(Bloomberg) -- OPEC and its allies came one step closer to agreeing to extend their oil supply deal after a ministerial committee recommended another nine months of cuts.
The Joint Ministerial Monitoring Committee -- composed of six OPEC and non-OPEC nations -- agreed in Vienna on Wednesday to support an extension through March 2018, according to a statement on the producer group’s website. That added to the backing for another nine months of cuts from the most influential participants in the deal, including Russia, Saudi Arabia and Iraq.
The Organization of Petroleum Exporting Countries and 11 non-members agreed last year to cut output by as much as 1.8 million barrels a day. The supply reductions were initially intended to last six months from January, but the slower-than-expected decline in surplus fuel inventories prompted the group to consider an extension. U.S. crude futures have rebounded by about 13 percent from a five-month low since Saudi Arabia first proposed maintaining the curbs into 2018.
“A nine-month extension is effectively a done deal, but because Russia and Saudi Arabia announced their support for it earlier in the month, the market may be disappointed if Thursday’s meeting ends with ‘just’ a nine-month extension, and prices may sell off,” Amrita Sen, chief oil market analyst at Energy Aspects Ltd., said in Vienna.
Brent crude oil for July settlement rose 0.4 percent to $54.35 a barrel at 3:26 p.m. on the London-based ICE Futures Europe exchange.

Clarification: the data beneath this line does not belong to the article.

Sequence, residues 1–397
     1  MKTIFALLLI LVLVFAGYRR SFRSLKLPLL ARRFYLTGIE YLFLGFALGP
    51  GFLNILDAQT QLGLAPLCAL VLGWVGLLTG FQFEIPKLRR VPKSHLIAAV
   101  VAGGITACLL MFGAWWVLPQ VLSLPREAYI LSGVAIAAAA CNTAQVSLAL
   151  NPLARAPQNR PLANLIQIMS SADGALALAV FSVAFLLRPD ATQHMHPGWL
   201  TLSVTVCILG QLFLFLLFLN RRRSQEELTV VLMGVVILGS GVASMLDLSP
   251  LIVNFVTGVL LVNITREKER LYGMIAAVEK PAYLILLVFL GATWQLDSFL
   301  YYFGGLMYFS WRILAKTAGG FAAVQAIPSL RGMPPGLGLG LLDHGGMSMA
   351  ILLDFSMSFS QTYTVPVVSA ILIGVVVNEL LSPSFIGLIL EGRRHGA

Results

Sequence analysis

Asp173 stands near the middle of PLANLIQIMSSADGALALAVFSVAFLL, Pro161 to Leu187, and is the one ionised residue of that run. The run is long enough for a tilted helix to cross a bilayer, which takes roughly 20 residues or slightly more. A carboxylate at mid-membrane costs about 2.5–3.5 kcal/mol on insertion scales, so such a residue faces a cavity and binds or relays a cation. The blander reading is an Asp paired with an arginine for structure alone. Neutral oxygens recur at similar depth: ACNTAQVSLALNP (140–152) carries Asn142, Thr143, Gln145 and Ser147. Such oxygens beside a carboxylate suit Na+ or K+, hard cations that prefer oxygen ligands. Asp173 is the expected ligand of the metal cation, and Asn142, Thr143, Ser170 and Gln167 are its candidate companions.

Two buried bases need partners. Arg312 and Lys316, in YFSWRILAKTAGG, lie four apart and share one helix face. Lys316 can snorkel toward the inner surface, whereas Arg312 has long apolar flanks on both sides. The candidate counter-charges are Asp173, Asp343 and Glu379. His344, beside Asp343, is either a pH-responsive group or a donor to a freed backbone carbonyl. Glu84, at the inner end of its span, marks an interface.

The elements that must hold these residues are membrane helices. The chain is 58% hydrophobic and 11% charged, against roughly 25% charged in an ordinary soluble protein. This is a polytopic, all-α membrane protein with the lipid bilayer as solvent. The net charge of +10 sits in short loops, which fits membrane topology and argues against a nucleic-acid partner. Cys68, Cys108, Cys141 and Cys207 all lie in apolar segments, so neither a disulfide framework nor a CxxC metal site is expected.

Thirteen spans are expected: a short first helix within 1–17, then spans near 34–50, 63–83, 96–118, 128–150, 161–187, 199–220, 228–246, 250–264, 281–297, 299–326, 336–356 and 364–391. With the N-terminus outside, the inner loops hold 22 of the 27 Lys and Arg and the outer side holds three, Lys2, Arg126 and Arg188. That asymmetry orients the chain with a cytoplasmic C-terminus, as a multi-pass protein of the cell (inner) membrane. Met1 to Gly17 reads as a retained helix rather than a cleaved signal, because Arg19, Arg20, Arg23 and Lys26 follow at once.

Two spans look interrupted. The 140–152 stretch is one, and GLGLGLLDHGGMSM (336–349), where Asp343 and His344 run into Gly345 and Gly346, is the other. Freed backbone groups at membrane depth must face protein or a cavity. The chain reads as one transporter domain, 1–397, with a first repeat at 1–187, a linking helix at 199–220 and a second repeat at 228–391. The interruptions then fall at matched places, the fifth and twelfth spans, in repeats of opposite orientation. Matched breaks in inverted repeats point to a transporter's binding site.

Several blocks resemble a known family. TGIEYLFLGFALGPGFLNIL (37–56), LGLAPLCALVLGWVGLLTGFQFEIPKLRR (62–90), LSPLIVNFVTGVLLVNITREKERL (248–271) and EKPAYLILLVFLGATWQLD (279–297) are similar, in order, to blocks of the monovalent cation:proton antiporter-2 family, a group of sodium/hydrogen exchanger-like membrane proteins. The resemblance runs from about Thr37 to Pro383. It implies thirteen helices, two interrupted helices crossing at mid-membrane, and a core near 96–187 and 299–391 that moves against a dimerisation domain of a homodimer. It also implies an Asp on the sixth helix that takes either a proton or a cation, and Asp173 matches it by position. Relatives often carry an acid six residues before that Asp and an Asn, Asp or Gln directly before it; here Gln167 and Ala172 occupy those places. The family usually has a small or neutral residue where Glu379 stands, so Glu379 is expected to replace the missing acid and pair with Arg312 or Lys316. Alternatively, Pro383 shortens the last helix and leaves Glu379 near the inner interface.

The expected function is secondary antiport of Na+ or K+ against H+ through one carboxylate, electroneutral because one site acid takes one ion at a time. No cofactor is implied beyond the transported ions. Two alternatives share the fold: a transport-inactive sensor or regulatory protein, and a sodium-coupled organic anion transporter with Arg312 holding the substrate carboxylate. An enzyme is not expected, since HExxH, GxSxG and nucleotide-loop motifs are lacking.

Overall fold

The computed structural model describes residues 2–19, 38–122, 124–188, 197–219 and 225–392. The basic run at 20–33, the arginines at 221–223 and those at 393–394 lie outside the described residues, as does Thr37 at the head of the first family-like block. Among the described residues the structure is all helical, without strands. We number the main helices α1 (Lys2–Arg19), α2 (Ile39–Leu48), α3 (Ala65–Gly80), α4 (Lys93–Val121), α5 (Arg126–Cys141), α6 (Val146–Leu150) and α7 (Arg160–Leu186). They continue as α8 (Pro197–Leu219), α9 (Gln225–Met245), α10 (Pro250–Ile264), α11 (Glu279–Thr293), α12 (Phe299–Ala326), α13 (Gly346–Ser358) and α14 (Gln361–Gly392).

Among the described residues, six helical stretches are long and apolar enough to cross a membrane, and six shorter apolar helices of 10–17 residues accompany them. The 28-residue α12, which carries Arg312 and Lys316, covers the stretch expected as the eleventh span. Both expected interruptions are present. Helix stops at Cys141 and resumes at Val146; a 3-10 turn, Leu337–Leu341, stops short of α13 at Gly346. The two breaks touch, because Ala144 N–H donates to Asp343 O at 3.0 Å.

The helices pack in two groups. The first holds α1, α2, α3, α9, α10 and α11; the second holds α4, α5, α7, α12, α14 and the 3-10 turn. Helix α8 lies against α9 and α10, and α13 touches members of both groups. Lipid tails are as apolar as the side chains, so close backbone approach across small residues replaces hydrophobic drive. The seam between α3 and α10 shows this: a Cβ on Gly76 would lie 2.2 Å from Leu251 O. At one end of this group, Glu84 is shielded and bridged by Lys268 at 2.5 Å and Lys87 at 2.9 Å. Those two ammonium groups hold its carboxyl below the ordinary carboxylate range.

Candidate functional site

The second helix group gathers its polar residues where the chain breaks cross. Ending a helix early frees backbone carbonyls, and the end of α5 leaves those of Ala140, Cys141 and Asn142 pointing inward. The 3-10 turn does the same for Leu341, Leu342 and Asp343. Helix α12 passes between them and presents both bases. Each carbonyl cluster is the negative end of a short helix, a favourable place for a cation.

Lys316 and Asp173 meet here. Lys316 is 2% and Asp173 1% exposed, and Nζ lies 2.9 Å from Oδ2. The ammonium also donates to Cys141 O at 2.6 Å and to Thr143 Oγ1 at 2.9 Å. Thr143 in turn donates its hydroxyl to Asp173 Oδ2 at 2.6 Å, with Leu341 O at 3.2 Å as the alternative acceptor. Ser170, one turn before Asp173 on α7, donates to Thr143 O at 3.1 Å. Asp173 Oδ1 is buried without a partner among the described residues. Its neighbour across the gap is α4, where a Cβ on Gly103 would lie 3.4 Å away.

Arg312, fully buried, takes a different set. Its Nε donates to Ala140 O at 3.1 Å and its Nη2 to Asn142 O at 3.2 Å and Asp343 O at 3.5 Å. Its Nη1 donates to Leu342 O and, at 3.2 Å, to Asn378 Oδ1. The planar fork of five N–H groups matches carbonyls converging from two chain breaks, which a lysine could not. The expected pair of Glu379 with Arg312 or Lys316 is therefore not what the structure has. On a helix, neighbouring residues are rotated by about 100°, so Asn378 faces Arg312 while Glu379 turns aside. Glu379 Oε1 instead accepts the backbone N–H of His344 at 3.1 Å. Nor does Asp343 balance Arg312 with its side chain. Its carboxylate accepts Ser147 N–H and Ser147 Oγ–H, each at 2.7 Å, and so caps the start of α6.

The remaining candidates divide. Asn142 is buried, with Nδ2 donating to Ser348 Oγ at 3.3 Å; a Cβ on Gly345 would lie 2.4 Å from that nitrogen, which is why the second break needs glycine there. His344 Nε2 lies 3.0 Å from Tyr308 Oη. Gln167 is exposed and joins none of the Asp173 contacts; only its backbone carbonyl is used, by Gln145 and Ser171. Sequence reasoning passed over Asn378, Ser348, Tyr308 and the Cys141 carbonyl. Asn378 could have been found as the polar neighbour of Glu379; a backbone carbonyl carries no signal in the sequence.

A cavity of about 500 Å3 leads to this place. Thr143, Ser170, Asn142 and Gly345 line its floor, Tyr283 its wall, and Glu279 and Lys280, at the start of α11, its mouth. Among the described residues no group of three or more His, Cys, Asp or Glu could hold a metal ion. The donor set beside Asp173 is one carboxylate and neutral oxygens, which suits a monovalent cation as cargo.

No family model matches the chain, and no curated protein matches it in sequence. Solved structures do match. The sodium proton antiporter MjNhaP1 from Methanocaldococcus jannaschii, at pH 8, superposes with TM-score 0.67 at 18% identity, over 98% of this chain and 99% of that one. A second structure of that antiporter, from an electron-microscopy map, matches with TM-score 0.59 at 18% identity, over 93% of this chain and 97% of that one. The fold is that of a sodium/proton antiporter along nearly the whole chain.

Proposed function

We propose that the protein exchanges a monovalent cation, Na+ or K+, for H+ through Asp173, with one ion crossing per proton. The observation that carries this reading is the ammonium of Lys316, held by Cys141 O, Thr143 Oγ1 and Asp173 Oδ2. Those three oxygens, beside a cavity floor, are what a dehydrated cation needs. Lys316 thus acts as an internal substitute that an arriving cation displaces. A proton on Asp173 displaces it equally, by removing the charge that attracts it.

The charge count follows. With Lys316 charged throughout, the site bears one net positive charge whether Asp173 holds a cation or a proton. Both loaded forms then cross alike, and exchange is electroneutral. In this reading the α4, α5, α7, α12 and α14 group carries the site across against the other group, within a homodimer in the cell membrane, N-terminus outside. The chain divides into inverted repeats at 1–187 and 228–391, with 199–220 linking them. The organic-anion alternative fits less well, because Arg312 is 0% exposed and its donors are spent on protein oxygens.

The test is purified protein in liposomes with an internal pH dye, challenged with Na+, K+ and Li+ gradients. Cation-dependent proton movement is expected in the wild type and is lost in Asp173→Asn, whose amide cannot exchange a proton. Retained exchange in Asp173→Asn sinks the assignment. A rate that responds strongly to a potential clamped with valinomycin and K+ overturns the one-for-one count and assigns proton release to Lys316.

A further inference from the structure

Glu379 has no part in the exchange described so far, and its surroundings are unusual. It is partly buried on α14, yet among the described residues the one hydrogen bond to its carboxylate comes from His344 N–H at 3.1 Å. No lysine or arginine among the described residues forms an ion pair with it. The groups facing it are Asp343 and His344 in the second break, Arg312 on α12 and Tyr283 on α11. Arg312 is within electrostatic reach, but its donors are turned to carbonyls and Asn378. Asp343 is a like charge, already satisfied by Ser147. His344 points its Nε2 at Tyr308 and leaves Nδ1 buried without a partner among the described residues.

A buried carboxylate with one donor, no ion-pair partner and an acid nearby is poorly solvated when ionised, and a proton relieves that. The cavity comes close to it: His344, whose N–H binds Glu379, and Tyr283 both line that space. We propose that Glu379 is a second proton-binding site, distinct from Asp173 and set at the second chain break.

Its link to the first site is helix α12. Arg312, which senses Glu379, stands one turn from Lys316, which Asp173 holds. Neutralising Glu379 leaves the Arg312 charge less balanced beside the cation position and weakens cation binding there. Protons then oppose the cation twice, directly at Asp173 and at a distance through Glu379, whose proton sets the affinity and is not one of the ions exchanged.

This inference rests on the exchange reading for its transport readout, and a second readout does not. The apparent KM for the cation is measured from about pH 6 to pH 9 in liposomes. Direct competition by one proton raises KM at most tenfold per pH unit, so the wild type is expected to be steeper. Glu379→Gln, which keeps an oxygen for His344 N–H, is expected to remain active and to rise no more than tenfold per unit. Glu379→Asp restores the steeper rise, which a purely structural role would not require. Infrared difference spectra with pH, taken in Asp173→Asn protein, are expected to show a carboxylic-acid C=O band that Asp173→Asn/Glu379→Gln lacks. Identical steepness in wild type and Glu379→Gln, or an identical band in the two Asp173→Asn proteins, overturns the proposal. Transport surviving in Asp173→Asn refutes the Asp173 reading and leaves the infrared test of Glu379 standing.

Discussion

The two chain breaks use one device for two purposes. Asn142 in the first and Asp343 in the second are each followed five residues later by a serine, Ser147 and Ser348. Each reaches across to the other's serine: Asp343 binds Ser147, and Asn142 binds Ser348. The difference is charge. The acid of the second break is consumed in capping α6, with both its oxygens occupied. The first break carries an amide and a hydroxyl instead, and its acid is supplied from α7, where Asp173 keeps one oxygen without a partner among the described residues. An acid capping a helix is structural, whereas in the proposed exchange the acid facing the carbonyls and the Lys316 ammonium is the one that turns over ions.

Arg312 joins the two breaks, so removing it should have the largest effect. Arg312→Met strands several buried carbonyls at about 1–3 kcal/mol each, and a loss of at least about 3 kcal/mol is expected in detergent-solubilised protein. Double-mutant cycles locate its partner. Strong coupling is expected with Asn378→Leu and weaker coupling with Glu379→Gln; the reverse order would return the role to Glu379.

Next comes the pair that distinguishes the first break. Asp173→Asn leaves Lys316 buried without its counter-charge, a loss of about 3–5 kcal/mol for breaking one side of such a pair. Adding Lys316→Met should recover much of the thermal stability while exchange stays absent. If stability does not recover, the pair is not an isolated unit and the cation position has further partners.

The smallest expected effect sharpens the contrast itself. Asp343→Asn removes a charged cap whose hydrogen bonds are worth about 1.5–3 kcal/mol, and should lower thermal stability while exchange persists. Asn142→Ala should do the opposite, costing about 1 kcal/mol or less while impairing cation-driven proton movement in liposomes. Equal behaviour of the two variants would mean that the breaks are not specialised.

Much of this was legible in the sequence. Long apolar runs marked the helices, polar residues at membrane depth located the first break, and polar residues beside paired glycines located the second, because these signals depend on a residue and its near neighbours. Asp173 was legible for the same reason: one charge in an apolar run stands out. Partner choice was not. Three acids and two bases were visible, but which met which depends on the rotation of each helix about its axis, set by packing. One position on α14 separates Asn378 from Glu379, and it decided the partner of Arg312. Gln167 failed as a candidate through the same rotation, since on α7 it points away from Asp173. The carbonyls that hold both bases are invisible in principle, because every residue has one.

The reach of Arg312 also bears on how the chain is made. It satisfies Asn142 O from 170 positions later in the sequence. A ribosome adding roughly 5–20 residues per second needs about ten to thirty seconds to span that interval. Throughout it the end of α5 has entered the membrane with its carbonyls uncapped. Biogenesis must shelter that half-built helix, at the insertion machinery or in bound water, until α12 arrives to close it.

You can follow our TOPLive blog on the OPEC meeting in Vienna on Thursday here.
The JMMC discussed several scenarios for the cuts before settling on nine months, delegates said. Prior to the meeting, ministers had also mentioned the possibility of an additional six months, 12 months or even curbs extending through the whole of 2018. The committee didn’t discuss deeper cuts and will continue to monitor the market regularly, delegates said.
Oil officials from the 24 nations participating in the deal meet in the Austrian capital Thursday to finalize their agreement. Ministers will discuss the committee’s recommendation then, United Arab Emirates Oil Minister Suhail Mohammed Al Mazrouei said in an interview with Bloomberg television.
Kazakhstan presents one potential complication to those talks. The third-largest non-OPEC participant in the agreement pumped 1.76 million barrels a day in April, overshooting its target of 1.68 million, OPEC estimates show. The country’s Energy Minister Kanat Bozumbayev said he will seek to renegotiate the cap on its output before agreeing to an extended deal.
OPEC and its allies will probably agree to prolong their agreement until the end of the first quarter of 2018, Gary Ross, global head of oil at PIRA Energy Group, part of S&P Global Inc., said in an interview in Vienna on Wednesday.
The crude market is now starting to rebalance in earnest, but it will take time and the bulk of stockpile draws will come between June and September, Ross said. OPEC will achieve its stated aim of bringing fuel inventories back in line with the five-year average by the end of this year, said Venezuelan Oil Minister Nelson Martinez.